Outcome evaluation of the contribution of the United Nations Multidimensional Integrated Stabilization Mission in Mali to the rule of law and the fight against impunity in Mali – Report of the Office of Internal Oversight Services (A/76/698) – Mali



The Inspection and Evaluation Division of the Office of Internal Oversight Services (OIOS) conducted an evaluation of the outcomes achieved through the contribution of the United Nations Multidimensional Integrated Stabilization Mission in Mali (MINUSMA) to the return, restoration and extension of State authority in the rule of law area and fight against impunity in northern and central Mali between 2017 and 2020.

During the evaluation period, MINUSMA operated in a challenging and volatile political and security environment. Plans and objectives were continuously adapted, and the Mission stretched its resources further with the expansion of the mandate to the center of the country in 2018, and in the face of continued attacks on civilians, Malian security personnel and peacekeepers.

Highlights of achievements and processes that strengthened the rule of law and the fight against impunity included:

  • Infrastructure development, rehabilitation and equipment support supported by the trust fund

  • Support for disarmament, demobilization and reintegration

  • The establishment of a framework for consultation, an informal platform to coordinate initiatives at the local and regional levels

  • The establishment of a specialized judicial unit with 12 judges, more than 50 police investigators and additional judicial staff

  • Support for reforms and legislation, such as the draft bill on the complementarity of formal and traditional justice and communiqués on the prevention of gender-based violence

  • Support for and advocacy of judicial inspections and integrity

  • Improved prison management

  • Support for the Truth, Justice and Reconciliation Commission

  • The reporting of human rights violations

Those achievements aside, some cross-cutting gaps were identified. Overall, there was a lack of a joint countrywide strategy for the restoration and extension of State authority and a lack of an agreed definition of “stabilization” among the host Government, the international community, including MINUSMA, and civil society. This was considered a major hindrance in implementing a unified effort to address gaps on the basis of each actor’s comparative advantage.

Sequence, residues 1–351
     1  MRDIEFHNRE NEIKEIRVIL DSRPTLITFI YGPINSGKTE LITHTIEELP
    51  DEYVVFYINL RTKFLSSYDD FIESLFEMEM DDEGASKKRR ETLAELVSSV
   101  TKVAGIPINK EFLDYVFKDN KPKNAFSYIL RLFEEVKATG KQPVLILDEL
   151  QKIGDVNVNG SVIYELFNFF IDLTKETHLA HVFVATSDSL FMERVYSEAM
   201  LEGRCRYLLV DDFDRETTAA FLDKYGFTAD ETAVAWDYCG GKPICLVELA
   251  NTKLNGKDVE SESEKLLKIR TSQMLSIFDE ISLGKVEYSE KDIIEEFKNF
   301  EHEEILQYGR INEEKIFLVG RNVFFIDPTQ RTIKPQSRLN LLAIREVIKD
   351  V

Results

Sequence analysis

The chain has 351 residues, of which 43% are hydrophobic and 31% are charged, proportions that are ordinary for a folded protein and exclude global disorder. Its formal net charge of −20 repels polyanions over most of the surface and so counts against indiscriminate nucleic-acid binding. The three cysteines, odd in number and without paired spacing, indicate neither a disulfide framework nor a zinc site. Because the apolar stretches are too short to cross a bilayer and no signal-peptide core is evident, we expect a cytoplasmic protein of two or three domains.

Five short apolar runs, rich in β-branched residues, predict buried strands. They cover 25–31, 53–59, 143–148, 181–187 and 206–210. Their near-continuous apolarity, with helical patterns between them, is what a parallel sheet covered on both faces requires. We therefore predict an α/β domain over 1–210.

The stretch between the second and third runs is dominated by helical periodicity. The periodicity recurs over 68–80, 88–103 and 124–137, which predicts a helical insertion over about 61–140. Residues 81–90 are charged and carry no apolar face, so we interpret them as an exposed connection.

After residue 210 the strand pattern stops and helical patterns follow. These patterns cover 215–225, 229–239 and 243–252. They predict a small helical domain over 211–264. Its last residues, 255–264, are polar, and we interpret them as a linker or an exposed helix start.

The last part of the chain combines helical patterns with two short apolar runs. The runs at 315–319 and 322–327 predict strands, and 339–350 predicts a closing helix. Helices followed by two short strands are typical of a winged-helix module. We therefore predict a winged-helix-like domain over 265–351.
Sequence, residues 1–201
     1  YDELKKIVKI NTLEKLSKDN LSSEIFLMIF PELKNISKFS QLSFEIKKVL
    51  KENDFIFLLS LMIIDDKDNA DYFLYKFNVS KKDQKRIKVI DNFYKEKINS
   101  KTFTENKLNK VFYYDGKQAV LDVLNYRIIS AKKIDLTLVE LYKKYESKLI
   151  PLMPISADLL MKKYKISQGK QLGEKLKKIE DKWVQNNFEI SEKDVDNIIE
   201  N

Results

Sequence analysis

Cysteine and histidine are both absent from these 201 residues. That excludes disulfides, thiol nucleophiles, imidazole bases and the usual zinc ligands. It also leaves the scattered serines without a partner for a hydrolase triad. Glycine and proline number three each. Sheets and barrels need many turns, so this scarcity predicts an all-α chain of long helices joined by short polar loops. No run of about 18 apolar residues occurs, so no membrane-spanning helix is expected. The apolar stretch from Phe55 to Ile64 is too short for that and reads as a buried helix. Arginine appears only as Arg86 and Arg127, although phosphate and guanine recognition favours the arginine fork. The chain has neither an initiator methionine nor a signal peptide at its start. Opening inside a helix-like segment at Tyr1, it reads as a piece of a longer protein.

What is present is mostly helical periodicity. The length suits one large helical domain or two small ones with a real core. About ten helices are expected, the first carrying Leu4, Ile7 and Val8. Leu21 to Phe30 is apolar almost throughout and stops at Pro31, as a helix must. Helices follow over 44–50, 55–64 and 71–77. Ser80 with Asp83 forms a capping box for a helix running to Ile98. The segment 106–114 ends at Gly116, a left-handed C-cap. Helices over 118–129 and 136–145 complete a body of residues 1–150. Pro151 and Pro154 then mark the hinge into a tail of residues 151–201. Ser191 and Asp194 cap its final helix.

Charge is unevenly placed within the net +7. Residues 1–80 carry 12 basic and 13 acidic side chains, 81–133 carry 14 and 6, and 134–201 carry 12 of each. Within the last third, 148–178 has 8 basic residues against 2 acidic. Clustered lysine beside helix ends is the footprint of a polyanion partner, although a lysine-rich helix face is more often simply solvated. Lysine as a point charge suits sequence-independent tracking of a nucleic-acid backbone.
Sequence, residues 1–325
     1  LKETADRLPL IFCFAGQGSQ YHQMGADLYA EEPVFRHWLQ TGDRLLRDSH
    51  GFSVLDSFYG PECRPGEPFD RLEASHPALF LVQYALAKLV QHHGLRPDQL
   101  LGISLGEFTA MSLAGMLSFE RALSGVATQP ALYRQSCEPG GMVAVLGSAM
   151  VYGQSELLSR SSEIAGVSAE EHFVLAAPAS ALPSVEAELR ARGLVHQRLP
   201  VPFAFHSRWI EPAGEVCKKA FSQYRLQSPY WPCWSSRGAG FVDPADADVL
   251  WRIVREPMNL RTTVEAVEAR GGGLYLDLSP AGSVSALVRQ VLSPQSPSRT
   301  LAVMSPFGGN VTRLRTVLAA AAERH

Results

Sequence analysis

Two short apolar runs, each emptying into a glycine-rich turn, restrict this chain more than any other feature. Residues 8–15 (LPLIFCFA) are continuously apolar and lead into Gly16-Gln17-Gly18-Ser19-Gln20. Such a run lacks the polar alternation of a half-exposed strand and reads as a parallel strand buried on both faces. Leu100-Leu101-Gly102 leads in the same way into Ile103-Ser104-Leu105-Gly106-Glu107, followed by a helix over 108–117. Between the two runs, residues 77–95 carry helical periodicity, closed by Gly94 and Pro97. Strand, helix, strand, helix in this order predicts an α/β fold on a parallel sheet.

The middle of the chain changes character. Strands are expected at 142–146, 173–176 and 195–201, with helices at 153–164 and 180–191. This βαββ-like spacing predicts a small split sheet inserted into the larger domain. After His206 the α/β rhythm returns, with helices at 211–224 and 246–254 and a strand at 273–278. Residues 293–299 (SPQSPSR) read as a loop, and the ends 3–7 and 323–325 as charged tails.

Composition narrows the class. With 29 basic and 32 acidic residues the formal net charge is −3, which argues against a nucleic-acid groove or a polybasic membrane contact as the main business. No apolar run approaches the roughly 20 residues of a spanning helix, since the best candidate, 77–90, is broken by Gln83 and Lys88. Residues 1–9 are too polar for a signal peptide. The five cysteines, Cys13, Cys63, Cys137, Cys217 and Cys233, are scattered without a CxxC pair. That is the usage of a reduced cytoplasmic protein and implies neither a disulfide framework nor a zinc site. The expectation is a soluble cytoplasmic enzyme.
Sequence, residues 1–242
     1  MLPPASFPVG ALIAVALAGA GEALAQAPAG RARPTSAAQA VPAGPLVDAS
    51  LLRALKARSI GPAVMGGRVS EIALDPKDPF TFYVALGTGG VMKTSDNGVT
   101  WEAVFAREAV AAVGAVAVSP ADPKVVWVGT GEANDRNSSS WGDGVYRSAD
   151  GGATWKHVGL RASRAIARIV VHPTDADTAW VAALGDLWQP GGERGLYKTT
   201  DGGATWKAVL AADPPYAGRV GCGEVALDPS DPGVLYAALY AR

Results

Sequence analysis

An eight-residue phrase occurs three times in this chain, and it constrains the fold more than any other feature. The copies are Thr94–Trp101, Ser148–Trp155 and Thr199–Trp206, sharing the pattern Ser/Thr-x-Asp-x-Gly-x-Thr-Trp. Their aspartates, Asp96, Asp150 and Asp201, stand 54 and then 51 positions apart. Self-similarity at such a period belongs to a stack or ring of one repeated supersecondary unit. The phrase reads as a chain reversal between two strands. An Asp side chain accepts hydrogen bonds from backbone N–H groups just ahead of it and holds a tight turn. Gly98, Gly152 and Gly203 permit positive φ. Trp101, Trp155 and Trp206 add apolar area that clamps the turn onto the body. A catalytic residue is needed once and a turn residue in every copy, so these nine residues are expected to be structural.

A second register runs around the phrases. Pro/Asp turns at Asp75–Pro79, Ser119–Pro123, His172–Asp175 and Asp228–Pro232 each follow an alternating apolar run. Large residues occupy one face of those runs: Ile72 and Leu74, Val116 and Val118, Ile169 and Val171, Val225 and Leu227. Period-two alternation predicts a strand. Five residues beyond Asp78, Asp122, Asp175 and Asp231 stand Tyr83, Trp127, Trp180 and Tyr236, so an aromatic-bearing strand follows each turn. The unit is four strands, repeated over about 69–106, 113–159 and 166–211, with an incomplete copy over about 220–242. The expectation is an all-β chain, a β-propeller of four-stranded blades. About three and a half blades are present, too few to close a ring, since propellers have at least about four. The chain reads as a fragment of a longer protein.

Infrastructure development and capacity-building were considered to have reached points of diminishing returns, and commencing their handover to the Government was an option. Critically reviewing its comparative advantage across outcome areas explored in the present evaluation would enable the Mission to rebalance its priorities.

Community perception and partner experience suggested that future interventions should balance addressing security, political, developmental and peacebuilding needs in order to establish the rule of law in a more sustainable and holistic manner. This would also be consistent with the call of the expanded summit of the Group of Five for the Sahel held in N’Djamena in March 2021 for a “civilian surge”, acknowledging the limits of military interventions.

Finally, prosecution and processing of serious crimes, including human rights violations and abuses, slightly improved, yet the overall human rights situation in the north and the center deteriorated and impunity for such crimes persisted. In this regard, interlocutors encouraged MINUSMA to apply its leverage more assertively by using its good offices, convening power and political advocacy.

OIOS makes a total of eight important recommendations addressed to MINUSMA. The recommendations are aligned with the findings and identified in consultation with the Mission counterparts and external partners. The recommendations refer to specific outcome areas that are both critically important and highly relevant, as well as areas where MINUSMA, together with its partners, could add significant value. The first recommendation (the development of a joint countrywide strategy on the restoration and extension of State authorities) is overarching, requiring a whole-of-mission approach and effort to enable the implementation of the other recommendations.

The recommendations touch on supporting the integrity of the judicial system, enhancing the use of good offices to further the reform processes as well as the investigation and prosecution of serious human rights violations, conducting a critical review of capacity-building efforts, strengthening collaboration with the National Commission on Human Rights and improving communication programs to inform the population of its legal rights and obligations.


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